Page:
Almost 10,000 responses to East West Rail survey

The proposed route for the East West Rail link.

The proposed route for the East West Rail link. - Credit: EWR Co

Consultations over a major development scheme which would bring a new rail link close to St Neots brought in nearly 10,000 responses, the East West Railway Company has confirmed.

They public survey covered a total of 190,000 separate comments after the firm, known as EWR Co, sought the views of people and organisations living along the proposed route.

EWR, set up by the Secretary of State for Transport in 2018, is behind proposals to create a new line between Cambridge and Oxford as part of a plan to open up a wide area between the cities to development.

The company will now analyse the responses.

St Neots Town Council objected to parts of the scheme, including the impact of two possible viaducts near to the eastern edge of the town, and the use of diesel locomotives.

The council was also concerned about the lack of information regarding any benefits of the project for St Neots.

Simon Blanchflower CBE, EWR chief executive, said: “The number of responses we’ve received, the breadth of information and level of detail they contain demonstrates the value of consulting with local people at an early stage, and the huge level of public interest in East West Rail.

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“Our team of experts at EWR Co are now examining every comment and we will report back to communities on what we have been able to do as a result of the information people shared with us.”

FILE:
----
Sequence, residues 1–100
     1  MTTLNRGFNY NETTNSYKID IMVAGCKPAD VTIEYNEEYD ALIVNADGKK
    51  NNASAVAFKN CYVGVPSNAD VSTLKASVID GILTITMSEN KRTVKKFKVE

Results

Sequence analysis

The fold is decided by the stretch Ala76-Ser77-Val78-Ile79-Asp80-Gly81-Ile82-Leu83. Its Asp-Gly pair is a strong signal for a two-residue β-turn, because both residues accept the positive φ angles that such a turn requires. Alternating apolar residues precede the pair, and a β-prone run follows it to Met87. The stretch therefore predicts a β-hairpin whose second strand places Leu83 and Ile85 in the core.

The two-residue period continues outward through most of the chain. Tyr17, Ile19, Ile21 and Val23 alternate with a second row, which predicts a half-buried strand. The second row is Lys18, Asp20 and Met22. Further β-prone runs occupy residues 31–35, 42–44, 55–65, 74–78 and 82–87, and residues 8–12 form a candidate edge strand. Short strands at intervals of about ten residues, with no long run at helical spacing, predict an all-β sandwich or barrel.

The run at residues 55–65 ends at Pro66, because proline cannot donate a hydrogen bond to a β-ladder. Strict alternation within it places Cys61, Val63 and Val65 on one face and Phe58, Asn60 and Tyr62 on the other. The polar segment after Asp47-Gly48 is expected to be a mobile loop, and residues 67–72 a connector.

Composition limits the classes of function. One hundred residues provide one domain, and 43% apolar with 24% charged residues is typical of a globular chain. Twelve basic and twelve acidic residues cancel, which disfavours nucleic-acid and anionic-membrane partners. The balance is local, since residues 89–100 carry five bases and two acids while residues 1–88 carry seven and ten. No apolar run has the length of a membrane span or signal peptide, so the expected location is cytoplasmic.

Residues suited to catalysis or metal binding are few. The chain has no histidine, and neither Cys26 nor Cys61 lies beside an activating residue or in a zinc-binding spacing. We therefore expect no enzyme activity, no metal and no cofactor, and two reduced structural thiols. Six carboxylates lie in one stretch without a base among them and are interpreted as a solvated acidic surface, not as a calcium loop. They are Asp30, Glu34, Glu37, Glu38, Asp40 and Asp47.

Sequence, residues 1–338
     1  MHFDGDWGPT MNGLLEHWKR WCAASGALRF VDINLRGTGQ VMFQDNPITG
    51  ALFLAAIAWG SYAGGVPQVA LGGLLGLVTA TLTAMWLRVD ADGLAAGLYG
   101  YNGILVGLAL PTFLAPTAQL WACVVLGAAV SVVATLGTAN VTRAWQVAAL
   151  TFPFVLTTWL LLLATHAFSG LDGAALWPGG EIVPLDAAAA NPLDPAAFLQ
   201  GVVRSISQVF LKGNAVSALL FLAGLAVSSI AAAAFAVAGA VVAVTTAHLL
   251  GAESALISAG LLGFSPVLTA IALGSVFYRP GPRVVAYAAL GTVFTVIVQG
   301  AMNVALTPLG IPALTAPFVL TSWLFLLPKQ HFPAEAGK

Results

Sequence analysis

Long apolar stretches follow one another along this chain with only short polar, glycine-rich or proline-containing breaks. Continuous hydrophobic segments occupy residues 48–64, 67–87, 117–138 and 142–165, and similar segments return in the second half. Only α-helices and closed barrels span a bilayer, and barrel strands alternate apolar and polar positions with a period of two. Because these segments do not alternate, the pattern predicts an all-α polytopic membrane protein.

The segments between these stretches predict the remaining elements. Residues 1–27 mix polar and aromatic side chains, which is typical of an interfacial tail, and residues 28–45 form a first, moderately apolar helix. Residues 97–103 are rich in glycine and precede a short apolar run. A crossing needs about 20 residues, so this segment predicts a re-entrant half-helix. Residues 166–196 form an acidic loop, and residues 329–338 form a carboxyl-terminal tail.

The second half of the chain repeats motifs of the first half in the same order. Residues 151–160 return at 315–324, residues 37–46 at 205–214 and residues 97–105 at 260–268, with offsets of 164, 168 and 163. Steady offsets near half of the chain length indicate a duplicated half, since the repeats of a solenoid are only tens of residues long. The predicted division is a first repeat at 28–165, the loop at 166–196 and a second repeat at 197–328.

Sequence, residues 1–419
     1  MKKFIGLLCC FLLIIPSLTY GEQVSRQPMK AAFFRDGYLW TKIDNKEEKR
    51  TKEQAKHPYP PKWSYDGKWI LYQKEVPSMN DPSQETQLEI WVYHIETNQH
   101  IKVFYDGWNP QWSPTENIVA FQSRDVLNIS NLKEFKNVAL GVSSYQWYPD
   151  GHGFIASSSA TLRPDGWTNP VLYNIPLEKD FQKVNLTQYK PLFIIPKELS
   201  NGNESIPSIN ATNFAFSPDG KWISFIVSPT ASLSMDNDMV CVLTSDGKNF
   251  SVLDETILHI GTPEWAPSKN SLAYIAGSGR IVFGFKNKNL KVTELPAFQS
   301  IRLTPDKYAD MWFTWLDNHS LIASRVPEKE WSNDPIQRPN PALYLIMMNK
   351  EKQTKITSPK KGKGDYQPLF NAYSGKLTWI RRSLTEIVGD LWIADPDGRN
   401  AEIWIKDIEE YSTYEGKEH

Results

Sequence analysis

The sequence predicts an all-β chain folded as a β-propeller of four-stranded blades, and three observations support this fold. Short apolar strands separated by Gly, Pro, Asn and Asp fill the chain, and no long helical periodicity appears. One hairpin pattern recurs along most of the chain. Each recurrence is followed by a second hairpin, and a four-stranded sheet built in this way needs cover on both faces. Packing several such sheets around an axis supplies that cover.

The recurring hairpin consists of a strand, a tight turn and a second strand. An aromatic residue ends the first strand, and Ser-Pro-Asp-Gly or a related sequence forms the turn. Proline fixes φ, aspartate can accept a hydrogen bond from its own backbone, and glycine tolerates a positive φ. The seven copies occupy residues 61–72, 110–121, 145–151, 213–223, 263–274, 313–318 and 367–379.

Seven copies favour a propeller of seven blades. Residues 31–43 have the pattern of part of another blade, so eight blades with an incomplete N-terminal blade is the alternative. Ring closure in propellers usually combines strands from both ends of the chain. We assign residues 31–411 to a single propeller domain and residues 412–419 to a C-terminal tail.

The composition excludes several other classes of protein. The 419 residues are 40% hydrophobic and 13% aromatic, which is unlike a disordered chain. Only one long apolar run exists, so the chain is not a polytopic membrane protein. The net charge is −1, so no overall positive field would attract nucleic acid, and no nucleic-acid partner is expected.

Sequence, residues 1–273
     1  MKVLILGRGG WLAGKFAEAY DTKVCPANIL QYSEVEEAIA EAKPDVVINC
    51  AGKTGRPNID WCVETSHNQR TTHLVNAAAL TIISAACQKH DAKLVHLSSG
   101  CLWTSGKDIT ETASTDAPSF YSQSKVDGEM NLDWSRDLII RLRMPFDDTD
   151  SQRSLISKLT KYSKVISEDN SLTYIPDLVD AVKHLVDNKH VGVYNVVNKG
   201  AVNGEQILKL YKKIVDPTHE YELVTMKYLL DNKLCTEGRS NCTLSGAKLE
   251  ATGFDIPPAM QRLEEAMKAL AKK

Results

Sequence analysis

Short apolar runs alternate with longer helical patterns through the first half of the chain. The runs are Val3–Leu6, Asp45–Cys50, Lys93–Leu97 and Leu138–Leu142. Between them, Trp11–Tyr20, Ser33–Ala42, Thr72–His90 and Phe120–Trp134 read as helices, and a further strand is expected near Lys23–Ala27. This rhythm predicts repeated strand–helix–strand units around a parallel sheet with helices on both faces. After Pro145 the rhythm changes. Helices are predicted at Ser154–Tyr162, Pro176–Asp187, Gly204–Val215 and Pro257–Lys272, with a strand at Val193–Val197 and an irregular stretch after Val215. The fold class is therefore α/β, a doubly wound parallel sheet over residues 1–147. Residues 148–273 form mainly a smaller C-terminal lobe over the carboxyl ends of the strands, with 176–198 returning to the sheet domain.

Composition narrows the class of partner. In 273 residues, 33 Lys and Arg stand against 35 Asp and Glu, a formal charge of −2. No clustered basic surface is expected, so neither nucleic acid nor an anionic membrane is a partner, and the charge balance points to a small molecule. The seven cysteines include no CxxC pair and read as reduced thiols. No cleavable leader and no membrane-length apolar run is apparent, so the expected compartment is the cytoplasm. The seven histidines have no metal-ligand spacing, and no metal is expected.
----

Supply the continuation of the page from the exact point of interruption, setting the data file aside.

Mr Blanchflower said EWR, which held its second non-statutory public consultation, would continue to talk to local communities and their representatives.

Responses to the project were submitted by a wide range of people along the route and their views will be taken into account during the next stage of design work for the railway.

Proposed routes for the line, including the section where it passes St Neots, were among the issues discussed in the consultations which covered customer experience and railway operations, together with infrastructure.

EWR said it would publish a report on the feedback and how it would be used. There would then be further chances to comment in formal consultations planned for next year, after which it was expected to make an application for an order enabling it to build and run the railway.